By James Partridge, Partner. Contact Thomson Snell and Passmore 01892 510000.
To correct a common misconception, the legal duties of executive directors and non-executive directors are the same. If things go wrong, the likelihood is that the non-executive directors will be as much in the firing line as the executive directors.
Anyone who is (or is thinking about becoming) a non-executive director is likely to find the guidance note issued by ICSA (Institute of Secretaries and Administrators) on 18th January 2013 helpful. The note sets out details of some of the steps which a non-executive can take which should help to demonstrate that he or she has exercised reasonable care, skill and diligence in the execution of his or her duties.
If you are looking to become a non-executive director:
- Assess whether you have the appropriate experience and skill sets which would be expected of a director of the company.
- Ask for and review a letter of appointment and raise any concerns before you sign it.
- Understand your obligations under the Companies Act 2006, particularly in relation to managing conflicts of interest.
- Understand that your role is to provide independence, oversight and constructively challenge the board.
- Recognise that circumstances may arise where you need to take independent advice and, if necessary, resign from the board.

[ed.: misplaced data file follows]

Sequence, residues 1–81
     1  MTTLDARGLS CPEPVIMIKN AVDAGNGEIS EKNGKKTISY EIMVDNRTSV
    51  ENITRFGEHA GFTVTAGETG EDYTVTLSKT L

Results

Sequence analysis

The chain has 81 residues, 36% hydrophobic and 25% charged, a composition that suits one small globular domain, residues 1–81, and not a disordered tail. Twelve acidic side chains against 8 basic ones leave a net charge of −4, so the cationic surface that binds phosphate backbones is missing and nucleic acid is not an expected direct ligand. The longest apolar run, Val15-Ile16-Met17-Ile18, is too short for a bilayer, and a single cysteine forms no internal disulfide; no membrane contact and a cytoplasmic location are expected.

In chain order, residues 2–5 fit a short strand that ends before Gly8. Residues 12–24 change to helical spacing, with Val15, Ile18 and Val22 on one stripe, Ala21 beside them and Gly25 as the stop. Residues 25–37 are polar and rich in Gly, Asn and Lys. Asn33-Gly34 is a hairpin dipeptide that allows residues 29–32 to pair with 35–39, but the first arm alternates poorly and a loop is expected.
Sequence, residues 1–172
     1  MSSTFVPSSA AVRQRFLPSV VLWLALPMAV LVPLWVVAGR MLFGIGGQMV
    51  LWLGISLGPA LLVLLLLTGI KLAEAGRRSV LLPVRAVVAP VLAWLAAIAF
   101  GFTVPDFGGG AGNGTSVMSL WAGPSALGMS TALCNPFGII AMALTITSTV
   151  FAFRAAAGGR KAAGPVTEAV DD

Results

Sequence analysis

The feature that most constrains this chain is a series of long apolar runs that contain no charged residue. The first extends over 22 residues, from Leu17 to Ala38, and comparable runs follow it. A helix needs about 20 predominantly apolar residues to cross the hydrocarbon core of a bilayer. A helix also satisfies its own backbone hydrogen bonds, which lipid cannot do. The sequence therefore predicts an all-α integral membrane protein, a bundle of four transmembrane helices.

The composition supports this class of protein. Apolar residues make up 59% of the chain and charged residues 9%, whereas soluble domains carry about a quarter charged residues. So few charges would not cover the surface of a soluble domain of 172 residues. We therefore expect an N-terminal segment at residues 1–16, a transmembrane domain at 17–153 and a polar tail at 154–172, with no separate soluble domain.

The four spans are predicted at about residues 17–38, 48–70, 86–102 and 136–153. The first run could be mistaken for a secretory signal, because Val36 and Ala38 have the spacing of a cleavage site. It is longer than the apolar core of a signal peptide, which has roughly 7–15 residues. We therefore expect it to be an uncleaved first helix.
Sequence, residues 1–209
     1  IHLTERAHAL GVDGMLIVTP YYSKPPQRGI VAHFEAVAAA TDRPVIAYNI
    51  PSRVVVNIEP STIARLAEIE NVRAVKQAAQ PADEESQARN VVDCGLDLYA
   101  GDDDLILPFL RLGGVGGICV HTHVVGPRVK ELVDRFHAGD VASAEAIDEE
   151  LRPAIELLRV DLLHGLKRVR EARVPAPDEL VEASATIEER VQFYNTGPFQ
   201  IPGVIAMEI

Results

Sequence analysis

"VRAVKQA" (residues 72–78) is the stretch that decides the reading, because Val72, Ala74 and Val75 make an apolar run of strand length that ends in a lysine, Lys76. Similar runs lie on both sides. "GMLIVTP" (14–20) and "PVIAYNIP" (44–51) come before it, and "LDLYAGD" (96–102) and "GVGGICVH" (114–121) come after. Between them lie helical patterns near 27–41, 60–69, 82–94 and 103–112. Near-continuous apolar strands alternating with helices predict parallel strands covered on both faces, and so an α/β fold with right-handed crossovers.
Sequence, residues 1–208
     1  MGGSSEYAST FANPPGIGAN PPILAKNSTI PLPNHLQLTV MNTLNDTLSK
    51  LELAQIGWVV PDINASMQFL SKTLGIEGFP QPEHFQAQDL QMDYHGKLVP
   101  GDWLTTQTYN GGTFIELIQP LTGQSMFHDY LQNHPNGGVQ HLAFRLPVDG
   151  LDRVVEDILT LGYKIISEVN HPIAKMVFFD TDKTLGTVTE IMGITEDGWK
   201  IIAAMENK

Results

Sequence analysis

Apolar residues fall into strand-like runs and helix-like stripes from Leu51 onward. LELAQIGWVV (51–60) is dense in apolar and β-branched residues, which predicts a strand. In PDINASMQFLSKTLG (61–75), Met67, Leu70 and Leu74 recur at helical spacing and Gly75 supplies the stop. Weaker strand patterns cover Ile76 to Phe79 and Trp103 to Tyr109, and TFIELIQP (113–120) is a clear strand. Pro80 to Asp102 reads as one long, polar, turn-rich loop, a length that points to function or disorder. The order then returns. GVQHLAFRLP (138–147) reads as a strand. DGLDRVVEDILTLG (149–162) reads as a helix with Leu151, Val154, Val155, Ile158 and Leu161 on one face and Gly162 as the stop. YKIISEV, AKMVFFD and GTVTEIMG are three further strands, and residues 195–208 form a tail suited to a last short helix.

The standard against which any director will be assessed is essentially a two-fold test:
(a) The general knowledge, skill and experience that may reasonably be expected of a person carrying out the
functions carried out by the director in relation to the company; and
(b) The general knowledge, skill and experience that the director has.
It is important to understand that more will be expected of non-executive directors if they have specific skills or experience. By way of example, the standard expected of a non-executive director who has trained as a chartered accountant will be higher than that of a lay person.
Companies can mitigate the potential personal exposure of their directors by putting in place directors’ and officers’ liability insurance. Ideally, the insurance should include run off cover for a period after a director has resigned from office (typically six years). The wording of the policy documents should be reviewed carefully.